3
\$\begingroup\$

In VHDL the Integer type is defined as a 32-bit signed integer. Most guidelines recommend that it must be constrained when used for synthesis if don't want a full 32-bit bus. My question is regarding your experience with various synthesis tools and the following piece of code. My assumption is that the non-dependent signals would be optimized away, but there might be other issues.

signal x : integer;

process(x) is
    constant alpha : integer := 12;
    variable y : integer;
begin
   y := (alpha*y + (100-alpha)*x) / 100;
   result <= to_signed( y, 16);
end process;
\$\endgroup\$
  • 1
    \$\begingroup\$ FYI, VHDL integers are NOT 32-bit signed integers, although they may be for some specific implementation. They are integers with an implementation defined range, with the given minimums of [-(231)+1,(231)-1]; notice this is one less than the range of 2's-compliment 32-bit integers. \$\endgroup\$ – wjl Sep 19 '11 at 19:41
2
\$\begingroup\$

Which bits are you expecting to be optimised away?

y depends on itself and x, both of which are full-width integers.

The multipliers will get a few low-order bits optimised to zero, and the fact that the high 3 bits of y are 'lost' when you multiply by 12 reduces the size of the y register slightly.

But it won't drop the bits > 16 if that's what you're expecting.


PS: The divide by 100 is probably going to be quite large in LUT terms - you'd be better off with 128 (or some other power of 2) as your base scaling.

| improve this answer | |
\$\endgroup\$
  • \$\begingroup\$ So the essence of my question is really: What does to_{un}signed do if the input value won't fit in the output value? The "divide by 100" statement is of cause incorrect. Power of two would of cause make more sense. \$\endgroup\$ – trondd Sep 20 '11 at 7:25
  • \$\begingroup\$ signed and unsigned vectors wrap if the value doesn't fit in. In simulation, integers will assert. In synthesis, integers will (usually) wrap much like vectors. \$\endgroup\$ – Martin Thompson Sep 20 '11 at 11:51
-1
\$\begingroup\$

Yes, if you didn't range constrain your signals it would create a 32-bit wide bus-- and then some signals would be optimized away. That being said, I rarely find a use for integer types in VHDL (for synthesis). I HIGHLY recommend using slv unless there is just something that absolutely must be integer.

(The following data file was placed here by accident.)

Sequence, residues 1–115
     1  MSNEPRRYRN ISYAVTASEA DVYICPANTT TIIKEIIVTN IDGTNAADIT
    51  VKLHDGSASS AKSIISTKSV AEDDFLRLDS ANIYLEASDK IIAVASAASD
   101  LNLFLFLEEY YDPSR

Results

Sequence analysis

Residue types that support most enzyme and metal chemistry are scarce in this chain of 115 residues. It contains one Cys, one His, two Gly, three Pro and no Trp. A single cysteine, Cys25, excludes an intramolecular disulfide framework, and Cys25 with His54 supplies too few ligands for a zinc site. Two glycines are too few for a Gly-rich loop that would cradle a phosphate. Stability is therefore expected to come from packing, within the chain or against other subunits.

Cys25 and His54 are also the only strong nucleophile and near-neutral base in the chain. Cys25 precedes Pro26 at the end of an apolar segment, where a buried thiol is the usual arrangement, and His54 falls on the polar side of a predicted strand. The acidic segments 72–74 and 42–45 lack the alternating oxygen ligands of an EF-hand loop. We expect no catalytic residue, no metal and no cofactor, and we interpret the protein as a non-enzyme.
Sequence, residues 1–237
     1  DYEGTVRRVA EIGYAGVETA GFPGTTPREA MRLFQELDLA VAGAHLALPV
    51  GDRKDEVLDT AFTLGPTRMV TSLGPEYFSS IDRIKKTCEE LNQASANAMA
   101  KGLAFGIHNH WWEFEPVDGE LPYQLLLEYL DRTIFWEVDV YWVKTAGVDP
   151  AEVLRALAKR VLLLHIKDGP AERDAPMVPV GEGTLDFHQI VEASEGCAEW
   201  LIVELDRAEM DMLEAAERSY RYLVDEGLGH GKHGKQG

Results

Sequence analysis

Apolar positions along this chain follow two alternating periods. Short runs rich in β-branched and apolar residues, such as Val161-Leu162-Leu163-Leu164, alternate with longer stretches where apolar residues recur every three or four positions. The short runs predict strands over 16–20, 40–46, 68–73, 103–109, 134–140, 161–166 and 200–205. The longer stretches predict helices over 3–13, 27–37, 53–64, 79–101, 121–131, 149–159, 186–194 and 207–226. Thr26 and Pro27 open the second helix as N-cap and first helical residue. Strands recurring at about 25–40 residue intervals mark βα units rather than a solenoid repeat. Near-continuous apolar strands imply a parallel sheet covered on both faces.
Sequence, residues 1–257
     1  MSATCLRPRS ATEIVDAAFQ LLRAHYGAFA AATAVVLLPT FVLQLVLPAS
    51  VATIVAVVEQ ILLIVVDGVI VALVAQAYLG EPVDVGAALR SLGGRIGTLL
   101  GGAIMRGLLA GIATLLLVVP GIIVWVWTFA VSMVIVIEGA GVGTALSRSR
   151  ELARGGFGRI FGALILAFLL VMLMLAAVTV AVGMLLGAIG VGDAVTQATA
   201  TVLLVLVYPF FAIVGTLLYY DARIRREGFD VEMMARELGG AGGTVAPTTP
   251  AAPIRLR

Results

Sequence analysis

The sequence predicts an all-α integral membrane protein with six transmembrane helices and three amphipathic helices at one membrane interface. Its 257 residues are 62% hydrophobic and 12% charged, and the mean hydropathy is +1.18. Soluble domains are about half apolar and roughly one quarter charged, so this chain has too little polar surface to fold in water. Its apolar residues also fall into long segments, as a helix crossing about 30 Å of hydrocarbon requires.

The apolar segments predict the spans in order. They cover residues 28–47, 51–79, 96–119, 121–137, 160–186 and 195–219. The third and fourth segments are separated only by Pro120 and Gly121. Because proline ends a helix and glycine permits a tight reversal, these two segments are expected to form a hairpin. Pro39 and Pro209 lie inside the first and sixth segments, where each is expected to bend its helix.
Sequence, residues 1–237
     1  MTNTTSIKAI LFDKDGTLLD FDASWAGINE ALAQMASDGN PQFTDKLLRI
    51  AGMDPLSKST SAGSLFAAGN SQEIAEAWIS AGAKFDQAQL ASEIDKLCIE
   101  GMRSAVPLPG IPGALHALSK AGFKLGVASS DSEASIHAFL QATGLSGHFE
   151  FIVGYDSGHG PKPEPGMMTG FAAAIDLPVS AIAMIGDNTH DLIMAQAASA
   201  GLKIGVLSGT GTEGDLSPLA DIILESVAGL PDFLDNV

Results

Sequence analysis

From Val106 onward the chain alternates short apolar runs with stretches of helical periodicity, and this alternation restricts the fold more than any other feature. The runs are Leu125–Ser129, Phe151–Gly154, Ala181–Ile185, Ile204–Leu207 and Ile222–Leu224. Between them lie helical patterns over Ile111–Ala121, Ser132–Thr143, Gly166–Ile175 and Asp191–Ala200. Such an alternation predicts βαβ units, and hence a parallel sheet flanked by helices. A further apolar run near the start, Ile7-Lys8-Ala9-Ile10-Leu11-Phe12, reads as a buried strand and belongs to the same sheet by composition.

The big reason for using slv instead of integer is that with slv you have better access to the individual bits, and therefore can optimize your code easier. And by "optimize your code", I mean that you can write your algorithms in more optimal ways that the synthesizer cannot do automatically. You "could" do some of this with integers and lots of typecasting to slv and back, but the integer type doesn't offer any great advantages that makes this stuff worth bothering with.

| improve this answer | |
\$\endgroup\$
  • 1
    \$\begingroup\$ I think this is a different level of abstraction. In the FPGA world the statement y <= x*x would infer one of the hard multipliers in the FPGA, whereas mult0 : component mymult port map (clk, x, x, y); where mymult is your custom algorithm would chose your own version. Your answer is a good advice on how to implement algorithms in VHDL, but I was asking for best-practice for the use of Integers vs Signed/Unsigned in VHDL. (Thanks anyway :-) ) \$\endgroup\$ – trondd Sep 20 '11 at 7:30
  • 1
    \$\begingroup\$ Why use slv not signed/unsigned? \$\endgroup\$ – Martin Thompson Sep 20 '11 at 11:49
  • \$\begingroup\$ @trondd I said "use SLV unless there is something that absolutely must be integer". That is best-practice. Your example of a multiplier IS a reason to use integer. I've do exactly that, and without range restrictions too. For a mult, you take the SLV, convert it to an int, multiply it, and convert it back to SLV. For many fixed point DSP applications this is the only way to maintain control over your word sizes to get the exact results you are expecting. \$\endgroup\$ – user3624 Sep 20 '11 at 13:52
  • \$\begingroup\$ @Martin Thompson The general convention in the industry is to use slv, so that's what I've done the most of. Signed/unsigned doesn't seem to offer much over slv so I just haven't used them. There could be some cool feature of signed/unsigned, but I haven't found it yet (and I wasn't looking either). \$\endgroup\$ – user3624 Sep 20 '11 at 13:54
  • 2
    \$\begingroup\$ @David Kessner: Ahh, I take it you use ieee.std_logic_arith etc.? Not the convention where I'm (and many others) concerned - I like my types "strong" :) parallelpoints.com/node/3 \$\endgroup\$ – Martin Thompson Sep 20 '11 at 14:03

Your Answer

By clicking “Post Your Answer”, you agree to our terms of service, privacy policy and cookie policy

Not the answer you're looking for? Browse other questions tagged or ask your own question.